How exercise will enable you achieve your goals in business and in life:
We are all busy people, either at work or in our home lives. Is it worth fitting in the extra burden of exercise into your day, when time is already so precious?
The year 2020 and the lockdown period has made it really clear that the importance of exercise (especially strength training), is crucial for people’s well-being and ability to cope with life in general. After the 10 week lockdown in Melbourne, when clients began to return to our clinic, what was really clear was the amount of strength they had lost. The aches and pains that had returned and most worryingly, the number of new injuries had increased because they were not able to cope with the physical demands of life as well as they could when they were stronger.
There are 3 very important aspects that fitness training, especially strength training can bring that’s worthwhile for busy professionals:
1) Effects your energy levels and your ability to cope with everyday life:
When we assess people initially, the most common finding is that clients, especially women over 30 are just not strong enough. Strength training has not been a priority in their life, even in their fitness training (if they run or go to the gym). You need good strength, especially in the major postural muscles around the back, hips, pelvis and shoulder blades to be able to perform most activities well that are required in life.
Prolonged Sitting, driving, or picking things up from the floor require good strength around the lower back and stabilizing muscles to control the position of the lower back. The strong muscles around the hips, pelvis and the gluteal muscle groups hold you there for long periods of time and help to get you out of these positions. If these muscles are not strong enough, these activities are harder then they should be. These areas become vulnerable to injury because of the muscles doing the work, extra load is taken on weaker structures (such as the discs in the lower back) which can cause injury.
I often hear from clients ”I’m just getting older”, which is just not true. Although there is some increase in the decline of strength after the age of 65, even at that age, a majority of lose of strength is due to lack of training, not due to age.
2) Effects your overall health
Although there are many benefits of overall strength training, 2 very specific ones are:
• Improvement in glucose management – Improving your muscle mass improves your ability to metabolise glucose. Muscles have sensors on their surface, called GLUT4, which are responsible to pulling glucose from the blood stream and bringing it into the muscle cells. The more muscle mass you have, not only are there more of these sensors, but each cell has more sensors and they work more efficiently. This is a major step in reducing insulin resistance and preventing diabetes.
• Improvements in brain health – Strength training is one of the few activities that has actually been proven to prevent decline in brain function as you get older. In a study, those who lifted weight at least once a week showed significant improvements in cognitive function, such as attention. It seems to be because strength training releases several chemicals into the brain, such as BDNF, which improve the health of nerves and brain cells and has a protective effect on the cardiovascular system.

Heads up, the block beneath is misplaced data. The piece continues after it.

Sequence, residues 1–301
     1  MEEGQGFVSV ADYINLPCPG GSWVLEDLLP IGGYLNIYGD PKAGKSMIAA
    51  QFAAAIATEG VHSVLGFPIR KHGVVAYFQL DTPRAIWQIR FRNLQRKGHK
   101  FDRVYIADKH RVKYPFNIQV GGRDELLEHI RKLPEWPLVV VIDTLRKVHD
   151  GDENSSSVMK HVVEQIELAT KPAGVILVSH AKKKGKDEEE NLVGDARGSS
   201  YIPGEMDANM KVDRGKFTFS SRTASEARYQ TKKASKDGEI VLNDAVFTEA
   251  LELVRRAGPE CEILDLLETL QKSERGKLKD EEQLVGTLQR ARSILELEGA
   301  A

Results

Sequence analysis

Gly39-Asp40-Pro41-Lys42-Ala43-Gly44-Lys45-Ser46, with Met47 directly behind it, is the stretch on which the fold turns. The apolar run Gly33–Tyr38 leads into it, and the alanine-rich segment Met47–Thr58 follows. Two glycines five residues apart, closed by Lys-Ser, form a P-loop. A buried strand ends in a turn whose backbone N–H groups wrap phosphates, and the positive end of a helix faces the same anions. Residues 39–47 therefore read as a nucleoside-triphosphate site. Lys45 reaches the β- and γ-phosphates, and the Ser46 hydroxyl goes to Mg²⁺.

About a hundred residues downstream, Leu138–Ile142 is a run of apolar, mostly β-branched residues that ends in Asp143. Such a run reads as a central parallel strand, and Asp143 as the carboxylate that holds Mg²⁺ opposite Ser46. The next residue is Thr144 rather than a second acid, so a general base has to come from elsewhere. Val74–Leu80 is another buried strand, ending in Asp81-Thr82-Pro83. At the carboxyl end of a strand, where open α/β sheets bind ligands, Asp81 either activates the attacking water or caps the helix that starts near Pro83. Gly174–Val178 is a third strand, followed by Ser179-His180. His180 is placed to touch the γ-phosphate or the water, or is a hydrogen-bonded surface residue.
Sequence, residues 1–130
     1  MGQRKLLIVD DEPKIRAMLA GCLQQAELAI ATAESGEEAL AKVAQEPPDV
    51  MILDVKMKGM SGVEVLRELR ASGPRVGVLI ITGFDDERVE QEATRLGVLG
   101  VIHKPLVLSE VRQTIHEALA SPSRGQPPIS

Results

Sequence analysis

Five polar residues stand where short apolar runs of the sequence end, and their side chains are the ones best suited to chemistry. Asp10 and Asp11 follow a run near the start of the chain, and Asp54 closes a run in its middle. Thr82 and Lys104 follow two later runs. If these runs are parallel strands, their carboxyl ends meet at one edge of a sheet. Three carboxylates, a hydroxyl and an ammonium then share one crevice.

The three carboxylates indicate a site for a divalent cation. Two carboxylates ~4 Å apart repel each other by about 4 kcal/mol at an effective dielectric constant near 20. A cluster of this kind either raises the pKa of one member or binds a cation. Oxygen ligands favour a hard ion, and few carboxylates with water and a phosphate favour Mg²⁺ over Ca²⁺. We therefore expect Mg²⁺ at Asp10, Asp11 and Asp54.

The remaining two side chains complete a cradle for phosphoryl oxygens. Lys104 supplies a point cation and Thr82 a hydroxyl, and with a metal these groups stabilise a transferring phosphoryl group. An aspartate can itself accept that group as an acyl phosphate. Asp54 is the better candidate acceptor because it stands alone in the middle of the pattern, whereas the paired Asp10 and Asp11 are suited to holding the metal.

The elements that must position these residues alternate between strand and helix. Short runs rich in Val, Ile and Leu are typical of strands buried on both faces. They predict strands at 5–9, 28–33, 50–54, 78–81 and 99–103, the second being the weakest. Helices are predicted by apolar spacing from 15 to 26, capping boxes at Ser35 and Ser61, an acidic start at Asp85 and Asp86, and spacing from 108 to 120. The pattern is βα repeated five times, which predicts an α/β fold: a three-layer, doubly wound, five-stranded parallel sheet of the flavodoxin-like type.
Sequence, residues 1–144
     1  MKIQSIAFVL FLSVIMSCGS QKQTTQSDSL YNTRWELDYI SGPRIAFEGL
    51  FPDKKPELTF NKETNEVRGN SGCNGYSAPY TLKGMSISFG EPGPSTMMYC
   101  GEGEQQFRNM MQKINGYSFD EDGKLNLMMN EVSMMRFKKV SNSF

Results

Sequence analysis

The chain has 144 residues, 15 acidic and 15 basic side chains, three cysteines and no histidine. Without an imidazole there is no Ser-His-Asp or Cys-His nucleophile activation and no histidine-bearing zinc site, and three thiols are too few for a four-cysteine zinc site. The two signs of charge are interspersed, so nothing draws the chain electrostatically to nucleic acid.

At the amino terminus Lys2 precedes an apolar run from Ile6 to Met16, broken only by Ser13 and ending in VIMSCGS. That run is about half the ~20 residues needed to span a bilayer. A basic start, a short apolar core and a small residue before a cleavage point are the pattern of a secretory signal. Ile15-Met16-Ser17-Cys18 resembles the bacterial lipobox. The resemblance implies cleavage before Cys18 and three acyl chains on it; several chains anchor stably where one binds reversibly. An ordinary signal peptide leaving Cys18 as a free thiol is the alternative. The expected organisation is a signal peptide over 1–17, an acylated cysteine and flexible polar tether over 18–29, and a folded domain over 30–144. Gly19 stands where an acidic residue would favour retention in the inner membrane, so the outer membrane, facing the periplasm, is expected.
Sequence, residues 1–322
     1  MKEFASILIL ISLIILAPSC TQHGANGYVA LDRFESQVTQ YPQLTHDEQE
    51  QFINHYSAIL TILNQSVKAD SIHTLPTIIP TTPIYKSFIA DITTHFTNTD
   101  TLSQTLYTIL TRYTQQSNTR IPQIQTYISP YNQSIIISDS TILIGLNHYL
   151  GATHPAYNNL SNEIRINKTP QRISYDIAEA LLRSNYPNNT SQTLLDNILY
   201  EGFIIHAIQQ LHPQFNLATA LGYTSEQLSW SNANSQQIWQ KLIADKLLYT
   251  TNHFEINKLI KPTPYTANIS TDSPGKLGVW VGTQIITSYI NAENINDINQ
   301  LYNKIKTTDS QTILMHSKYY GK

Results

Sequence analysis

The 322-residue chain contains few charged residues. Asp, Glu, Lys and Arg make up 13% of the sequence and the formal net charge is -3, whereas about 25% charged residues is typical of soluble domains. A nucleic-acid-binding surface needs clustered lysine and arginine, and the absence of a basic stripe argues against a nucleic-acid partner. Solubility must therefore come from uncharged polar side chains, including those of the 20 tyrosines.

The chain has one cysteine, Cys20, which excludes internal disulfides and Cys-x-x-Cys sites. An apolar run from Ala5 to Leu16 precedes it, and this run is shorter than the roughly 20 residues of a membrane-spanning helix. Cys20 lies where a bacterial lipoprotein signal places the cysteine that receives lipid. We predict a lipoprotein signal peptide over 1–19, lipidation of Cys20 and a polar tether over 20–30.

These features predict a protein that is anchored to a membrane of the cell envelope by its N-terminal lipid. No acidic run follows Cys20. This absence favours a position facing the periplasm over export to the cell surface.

3) The key to managing your weight
It is very easy to underestimate the role of strength training in managing your weight. Although the usual thinking is that to manage your weight, cardio training is important, this is just not true.
Your weight is controlled by a combination of what you eat and your metabolic rate (how much energy you use). The only aspect of your metabolic rate that you can control is your muscle mass. The more muscle mass you have, the more energy you use doing the everyday tasks in life, such as walking, sitting, eating and even sleeping. Improving your muscle mass is a multiplier of your metabolic rate and the key to sustainable weight loss.
Although cardio training is important, it should be seen as an addition to your training, to be most effective. For example if you run 30 minutes a day, that is equivalent to the energy in just over 1 Mars bar, with no additional effects. Strength training increases you overall energy expenditure so that even that same 30 minute run, if more effective and uses more energy.
Start now, it is never too late or too early to start strength training, your body will thank you for it. Although it takes about 3 months to really see the benefits, we recommend 2-3 times a week, of a good, structured overall strengthening program. Your body and mind will thank you for it every day.
Do you have any questions?
- Call us on (03) 9857 0644 or (07) 3505 1494 (Paddington)
- Email us at email@example.com
- Check out our other blog posts here
Our clinical staff would be happy to have chat if you have any questions.